In Quisenberry v. Life Ins. Co. of North America, 987 F.2d 1017, 1025 (4th Cir.1993) the Sixth Circuit held that a district court may review evidence beyond that which was before the plan administrator only when circumstances clearly establish that additional evidence is necessary, but that as a general matter the district court should restrict itself to the evidence before the plan administrator. In this case the record before the plan administrator was relatively undeveloped. Therefore, in its de novo review the district court may limit the evidence to the record before the plan administrator, or it may permit the introduction of additional evidence necessary to enable it to make an informed and independent judgment.
The district court's decision, rejecting the administrator's interpretation of the language of the plan and "adopt[ing] an interpretation that would extend coverage for injury sustained as a result of a suicide attempted while insane" is correct. However, there remains a genuine issue of material fact concerning Casey's mental state at the time he was injured and it was error for the district court to resolve that factual dispute through summary judgment.
Therefore, the summary judgment in favor of Uddeholm Corporation and Uddeholm
MANION, Circuit Judge, dissenting.
Daniel Casey jumped in front of a train for the purpose of committing suicide. His attempt failed. He lived but with major injuries. Casey then attempted to collect under his company's insurance plan, which allowed recovery for injuries "sustained accidentally." The district court did not allow recovery. This court has reversed and remanded for an evidentiary hearing to consider Casey's state of mind when he jumped. I do not think that is necessary.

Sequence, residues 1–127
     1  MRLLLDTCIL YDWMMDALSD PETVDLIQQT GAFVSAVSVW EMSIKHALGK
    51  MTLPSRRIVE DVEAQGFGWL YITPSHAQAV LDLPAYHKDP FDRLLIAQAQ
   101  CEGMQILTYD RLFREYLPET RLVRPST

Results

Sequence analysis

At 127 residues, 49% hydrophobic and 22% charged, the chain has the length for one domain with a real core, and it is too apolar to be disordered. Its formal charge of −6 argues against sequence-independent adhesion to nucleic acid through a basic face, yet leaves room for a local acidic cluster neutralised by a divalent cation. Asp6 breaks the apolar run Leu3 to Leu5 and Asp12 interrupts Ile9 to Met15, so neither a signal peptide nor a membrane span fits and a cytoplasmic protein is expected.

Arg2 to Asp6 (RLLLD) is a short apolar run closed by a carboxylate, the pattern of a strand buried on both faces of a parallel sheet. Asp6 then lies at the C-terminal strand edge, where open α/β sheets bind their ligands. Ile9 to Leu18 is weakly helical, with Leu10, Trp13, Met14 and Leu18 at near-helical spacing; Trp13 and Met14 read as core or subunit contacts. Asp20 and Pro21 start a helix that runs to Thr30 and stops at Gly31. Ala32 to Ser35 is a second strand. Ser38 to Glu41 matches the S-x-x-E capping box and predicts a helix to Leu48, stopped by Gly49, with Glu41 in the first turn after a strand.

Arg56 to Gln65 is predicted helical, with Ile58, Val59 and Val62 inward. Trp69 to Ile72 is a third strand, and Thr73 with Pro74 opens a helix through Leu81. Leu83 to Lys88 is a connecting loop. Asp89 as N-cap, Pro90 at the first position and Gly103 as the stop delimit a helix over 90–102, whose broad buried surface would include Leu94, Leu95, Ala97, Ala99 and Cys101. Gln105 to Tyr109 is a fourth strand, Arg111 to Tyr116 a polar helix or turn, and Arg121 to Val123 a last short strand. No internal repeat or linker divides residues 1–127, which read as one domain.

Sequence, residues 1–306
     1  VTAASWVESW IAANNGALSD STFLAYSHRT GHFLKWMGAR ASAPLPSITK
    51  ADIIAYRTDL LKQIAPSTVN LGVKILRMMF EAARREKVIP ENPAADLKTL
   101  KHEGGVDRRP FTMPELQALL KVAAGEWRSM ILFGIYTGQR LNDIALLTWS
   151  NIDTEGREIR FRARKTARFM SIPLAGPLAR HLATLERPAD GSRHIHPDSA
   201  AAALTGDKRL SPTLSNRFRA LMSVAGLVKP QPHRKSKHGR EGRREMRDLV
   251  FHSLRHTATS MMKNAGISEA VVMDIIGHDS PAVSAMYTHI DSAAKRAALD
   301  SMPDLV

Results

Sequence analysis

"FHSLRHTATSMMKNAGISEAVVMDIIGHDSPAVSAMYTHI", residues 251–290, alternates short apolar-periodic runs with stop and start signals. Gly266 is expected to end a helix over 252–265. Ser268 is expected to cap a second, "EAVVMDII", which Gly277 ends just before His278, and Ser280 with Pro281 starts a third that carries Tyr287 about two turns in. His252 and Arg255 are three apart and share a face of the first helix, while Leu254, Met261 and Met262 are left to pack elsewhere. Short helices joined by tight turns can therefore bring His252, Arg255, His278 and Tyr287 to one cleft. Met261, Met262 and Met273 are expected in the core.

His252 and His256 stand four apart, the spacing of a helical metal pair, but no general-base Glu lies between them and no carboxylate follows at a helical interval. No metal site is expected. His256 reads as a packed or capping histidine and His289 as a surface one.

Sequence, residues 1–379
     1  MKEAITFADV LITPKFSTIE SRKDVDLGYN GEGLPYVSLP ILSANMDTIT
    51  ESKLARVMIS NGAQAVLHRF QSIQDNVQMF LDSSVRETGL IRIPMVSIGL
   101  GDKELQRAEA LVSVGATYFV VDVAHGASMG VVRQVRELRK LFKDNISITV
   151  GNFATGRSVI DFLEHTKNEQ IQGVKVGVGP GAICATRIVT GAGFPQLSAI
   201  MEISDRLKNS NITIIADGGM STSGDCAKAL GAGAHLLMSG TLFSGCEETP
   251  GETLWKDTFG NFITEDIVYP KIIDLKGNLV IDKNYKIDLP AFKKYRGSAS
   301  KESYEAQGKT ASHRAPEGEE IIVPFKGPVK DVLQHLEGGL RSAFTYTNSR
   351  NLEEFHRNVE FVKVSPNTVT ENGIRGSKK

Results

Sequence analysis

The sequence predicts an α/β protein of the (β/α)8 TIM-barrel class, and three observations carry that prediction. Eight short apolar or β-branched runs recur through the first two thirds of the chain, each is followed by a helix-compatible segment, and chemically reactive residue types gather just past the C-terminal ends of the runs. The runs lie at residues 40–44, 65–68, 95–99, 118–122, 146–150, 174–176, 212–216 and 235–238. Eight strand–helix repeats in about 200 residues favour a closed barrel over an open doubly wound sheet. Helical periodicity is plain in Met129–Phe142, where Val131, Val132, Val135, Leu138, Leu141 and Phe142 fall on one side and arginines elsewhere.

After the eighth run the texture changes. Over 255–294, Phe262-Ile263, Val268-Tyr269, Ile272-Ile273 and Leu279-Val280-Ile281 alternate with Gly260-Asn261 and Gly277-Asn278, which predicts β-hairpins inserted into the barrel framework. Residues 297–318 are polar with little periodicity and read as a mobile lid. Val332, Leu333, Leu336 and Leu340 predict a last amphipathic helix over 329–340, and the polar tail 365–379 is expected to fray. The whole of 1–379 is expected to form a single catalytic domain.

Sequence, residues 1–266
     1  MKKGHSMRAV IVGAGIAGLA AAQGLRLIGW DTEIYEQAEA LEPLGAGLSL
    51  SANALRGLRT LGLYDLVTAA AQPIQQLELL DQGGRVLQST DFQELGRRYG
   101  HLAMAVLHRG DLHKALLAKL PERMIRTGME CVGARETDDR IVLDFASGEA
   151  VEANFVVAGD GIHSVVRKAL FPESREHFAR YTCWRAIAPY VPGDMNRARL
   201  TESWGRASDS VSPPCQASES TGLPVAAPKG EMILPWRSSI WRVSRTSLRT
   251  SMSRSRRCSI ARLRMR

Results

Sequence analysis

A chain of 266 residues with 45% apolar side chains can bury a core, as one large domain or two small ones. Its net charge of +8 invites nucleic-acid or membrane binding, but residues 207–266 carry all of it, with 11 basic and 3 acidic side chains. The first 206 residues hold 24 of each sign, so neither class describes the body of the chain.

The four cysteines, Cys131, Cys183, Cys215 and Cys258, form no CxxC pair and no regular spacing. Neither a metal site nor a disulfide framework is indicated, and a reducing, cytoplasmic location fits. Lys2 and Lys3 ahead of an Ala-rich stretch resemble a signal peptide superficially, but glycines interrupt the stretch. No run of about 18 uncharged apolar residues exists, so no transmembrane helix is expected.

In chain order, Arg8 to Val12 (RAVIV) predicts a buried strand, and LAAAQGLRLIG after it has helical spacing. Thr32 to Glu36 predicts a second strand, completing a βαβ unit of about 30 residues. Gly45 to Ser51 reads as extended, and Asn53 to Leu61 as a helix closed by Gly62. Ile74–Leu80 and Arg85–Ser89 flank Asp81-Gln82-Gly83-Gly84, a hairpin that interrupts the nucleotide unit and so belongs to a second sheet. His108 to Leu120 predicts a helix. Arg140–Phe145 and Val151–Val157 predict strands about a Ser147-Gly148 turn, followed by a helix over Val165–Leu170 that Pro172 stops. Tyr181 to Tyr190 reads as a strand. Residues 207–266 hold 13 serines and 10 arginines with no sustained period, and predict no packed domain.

Casey concedes in his brief that he "threw himself" onto the tracks in an "attempted suicide." I think those characterizations resolve the coverage question. Casey does not allege that he wandered onto the tracks in some trance-like state brought about by mental infirmity. If he alleged that, we might be permitted to consider his injuries accidental. The reasonable presumption is that Casey waited for the train and jumped at the exact moment the train passed. A suicide attempt is a deliberate act. See Black's Law Dictionary, Special Deluxe Fifth Edition, 1286 (1979) (suicide is "the deliberate termination of one's existence"). An accident, on the other hand, is always a chance event. Id. at 14. By definition, if an event is deliberate — like a suicide attempt — it can not be considered an accident. There is no need for an evidentiary hearing to consider whether Casey was insane. By conceding that he "threw himself" onto the tracks in an "attempted suicide" he admits that he acted deliberately.